For those of you that believe in G-d, or feel connected to a higher power through spirituality, you may believe, alongside myself and my fellow coaches and advisors, that having a coach is beneficial, and (I can only speak for myself here) crucial for my ability to function while living with chronic illness. Many of the “larger” religions believe in Ten Commandments and are required to live by them. And, as I discussed above, you can apply the lessons you learned from them to your daily live of living with a chronic illness like Fibromyalgia. Are there any lessons you have applied to the way you have chosen to live your life that can be gleaned from the Ten Commandments? If so, I’d love to hear what you’ve learned.
I want to express that I have my own coach and working with her has been life changing. She has helped me view life through the eyes of a Fibro Warrior in a different, more positive way. I have learned that challenges can be positive and can support our struggles in a big way. I don’t think I would feel as well (physically or emotionally) without having a coach (and friends that are coaches) to help me through the transition of living with a chronic illness.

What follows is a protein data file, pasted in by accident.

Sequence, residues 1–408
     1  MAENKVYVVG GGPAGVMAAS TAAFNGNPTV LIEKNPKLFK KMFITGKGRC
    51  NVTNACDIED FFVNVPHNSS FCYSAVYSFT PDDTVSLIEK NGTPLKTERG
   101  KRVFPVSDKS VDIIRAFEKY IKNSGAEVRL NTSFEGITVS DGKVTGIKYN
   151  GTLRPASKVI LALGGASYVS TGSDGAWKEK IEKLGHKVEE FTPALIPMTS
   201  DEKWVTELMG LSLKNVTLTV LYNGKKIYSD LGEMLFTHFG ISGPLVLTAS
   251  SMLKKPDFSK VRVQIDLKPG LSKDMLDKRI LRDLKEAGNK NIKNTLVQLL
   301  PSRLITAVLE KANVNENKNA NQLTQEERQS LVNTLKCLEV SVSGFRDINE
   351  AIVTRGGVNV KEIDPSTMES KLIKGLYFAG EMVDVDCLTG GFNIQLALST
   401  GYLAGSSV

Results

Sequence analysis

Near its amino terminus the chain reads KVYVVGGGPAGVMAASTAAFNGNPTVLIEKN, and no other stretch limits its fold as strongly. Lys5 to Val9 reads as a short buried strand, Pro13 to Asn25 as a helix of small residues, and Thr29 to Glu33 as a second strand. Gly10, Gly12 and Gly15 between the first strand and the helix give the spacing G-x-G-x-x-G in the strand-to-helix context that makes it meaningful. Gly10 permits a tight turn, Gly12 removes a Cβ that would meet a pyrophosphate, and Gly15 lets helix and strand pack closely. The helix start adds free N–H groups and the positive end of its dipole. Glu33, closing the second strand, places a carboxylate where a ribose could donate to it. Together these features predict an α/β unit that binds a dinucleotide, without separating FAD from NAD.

Need some help with re-connecting to your faith that you might have lost after your diagnosis, or just help with “surviving life” with Fibromyalgia? Reach out to me or another coach to get some support. I offer a complimentary consultation with no commitment to continue to help you decide if coaching is for you. We can often schedule something within a week’s time. (If you click on the word schedule, it will take you directly to my scheduling page.) In the meantime, I hope something in this blog post resonated with you. There will be more to come. My goal is to help as many people living with a Fibromyalgia diagnosis, their co-morbid diagnoses, or any other chronic pain sufferers as I can. I look forward to hearing from you soon! =)
Several weeks ago, I was chatting with a fellow Fibro Warrior of mine and somehow we got onto the topic of whether fibromyalgia was progressive. My thoughts, from some research and my own experience with the disorder, was that NO; it was not a progressive disorder. My friend, who has lived with the disorder over 20 years against my almost five years, politely disagreed stating that she felt her observations led her to believe that YES, fibromyalgia IS a progressive disorder.
In this article, http://fedupwithfatigue.com/is-fibromyalgia-progressive, many doctors weigh in and share their opinions on observations and research. I will explain after I summarize the article why I believe fibromyalgia is not a progressive disorder. First, it’s important to address the definition of progression. According to Dr. Ginevra Liptan of the Frieda Center in Portland, Oregon: “what physicians mean by ‘progressive’ illness is one which function is lost over time...multiple sclerosis, an illness characterized by progressive nerve damage and loss of muscle function.”